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Open Season(4)
Author: Linda Howard

Boring. The word hit home with unexpected force. If anyone had to pick one word to describe her, she had a sinking feeling she knew what that word would be. Her clothes were modest—and boring. Her hair was boring, her face was boring, her entire life was boring. She was a thirty-four-year-old, small-town, barely-been-kissed spinster librarian, and she might as well be eighty-four for all the action she saw.

Daisy switched her gaze from the window to the ceiling, too depressed to get up and go downstairs, where her mother and Aunt Joella would wish her a happy birthday and she would have to smile and pretend to be pleased. She knew she had to get up; she had to be at work at nine. She just couldn’t make herself do it, not yet.

Last night, as she did every night, she had laid out the outfit she would wear the next day. She didn’t have to look at the chair to envision the navy skirt, which hovered a couple of inches below her knee, both too long and too short to be either fashionable or flattering, or the white, short-sleeved blouse. She could hardly have picked an outfit less exciting if she had tried—but then, she didn’t have to try, her closet was full of clothes like that.

Abruptly she felt humiliated by her own lack of style. A woman should at least look a little sharper than usual on her birthday, shouldn’t she? She would have to go shopping, then, because the word sharp didn’t apply to anything in her entire wardrobe. She couldn’t even take extra care with her makeup, because the only makeup she owned was a single tube of lipstick in an almost invisible shade called Blush. Most of the time she didn’t bother with it. Why should she? A woman who had no need to shave her legs certainly didn’t need lipstick. How on earth had she let herself get in this predicament?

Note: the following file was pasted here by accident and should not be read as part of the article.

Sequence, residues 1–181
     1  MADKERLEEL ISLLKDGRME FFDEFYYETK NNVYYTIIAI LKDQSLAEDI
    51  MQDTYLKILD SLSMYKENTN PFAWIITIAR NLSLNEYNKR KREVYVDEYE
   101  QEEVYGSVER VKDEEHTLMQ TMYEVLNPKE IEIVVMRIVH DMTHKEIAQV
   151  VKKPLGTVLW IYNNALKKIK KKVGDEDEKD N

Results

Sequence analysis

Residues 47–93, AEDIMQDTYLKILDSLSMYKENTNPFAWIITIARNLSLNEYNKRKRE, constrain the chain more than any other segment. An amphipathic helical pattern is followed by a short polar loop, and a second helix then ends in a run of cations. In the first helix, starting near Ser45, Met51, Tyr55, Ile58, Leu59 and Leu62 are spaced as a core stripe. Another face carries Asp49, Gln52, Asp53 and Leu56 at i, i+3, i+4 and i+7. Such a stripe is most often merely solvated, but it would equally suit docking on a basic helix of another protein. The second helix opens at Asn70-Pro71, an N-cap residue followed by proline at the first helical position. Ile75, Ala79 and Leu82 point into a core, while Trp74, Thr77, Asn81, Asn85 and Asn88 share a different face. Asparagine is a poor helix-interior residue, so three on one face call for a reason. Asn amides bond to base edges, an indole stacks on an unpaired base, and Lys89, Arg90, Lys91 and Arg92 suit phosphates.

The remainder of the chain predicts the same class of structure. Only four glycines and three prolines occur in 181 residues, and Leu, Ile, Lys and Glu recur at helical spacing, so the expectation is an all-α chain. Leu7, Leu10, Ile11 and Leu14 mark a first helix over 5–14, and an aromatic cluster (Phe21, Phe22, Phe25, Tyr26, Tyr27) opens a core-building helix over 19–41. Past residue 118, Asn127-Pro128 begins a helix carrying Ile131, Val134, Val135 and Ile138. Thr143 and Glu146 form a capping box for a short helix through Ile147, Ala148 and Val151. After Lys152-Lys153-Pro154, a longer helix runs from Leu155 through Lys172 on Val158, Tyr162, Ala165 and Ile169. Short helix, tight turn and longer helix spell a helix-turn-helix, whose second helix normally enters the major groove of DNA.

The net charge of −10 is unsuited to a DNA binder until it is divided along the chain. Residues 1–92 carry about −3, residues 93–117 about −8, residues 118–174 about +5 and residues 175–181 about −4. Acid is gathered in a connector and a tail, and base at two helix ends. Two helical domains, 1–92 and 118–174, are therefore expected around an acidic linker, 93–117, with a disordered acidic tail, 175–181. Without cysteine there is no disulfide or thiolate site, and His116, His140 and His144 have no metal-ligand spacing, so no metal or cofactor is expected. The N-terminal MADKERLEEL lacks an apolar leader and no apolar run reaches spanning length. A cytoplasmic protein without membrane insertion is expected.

Scowling, she sat up in bed and stared directly across the small room into her dresser mirror. Her mousy, limp, straight-as-a-board brown hair hung in her face, and she pushed it back so she could have a clear view of the loser in the mirror.

She didn’t like what she saw. She looked like a lump, sitting there swathed in blue seersucker pajamas that were a size too big for her. Her mother had given her the pajamas for Christmas, and it would have hurt her feelings if Daisy had exchanged them. In retrospect, Daisy’s feelings were hurt because she was the sort of woman to whom anyone would give seersucker pajamas. Seersucker, for God’s sake! It said a lot that she was a seersucker pajamas kind of woman. No Victoria’s Secret sexy nighties for her, no sirree. Just give her seersucker.

Why not? Her hair was drab, her face was drab, she was drab.

The inescapable facts were that she was boring, she was thirty-four years old, and her biological clock was ticking. No, it wasn’t just ticking, it was doing a count-down, like a space shuttle about to be launched: ten . . . nine. . . eight. . .

She was in big trouble.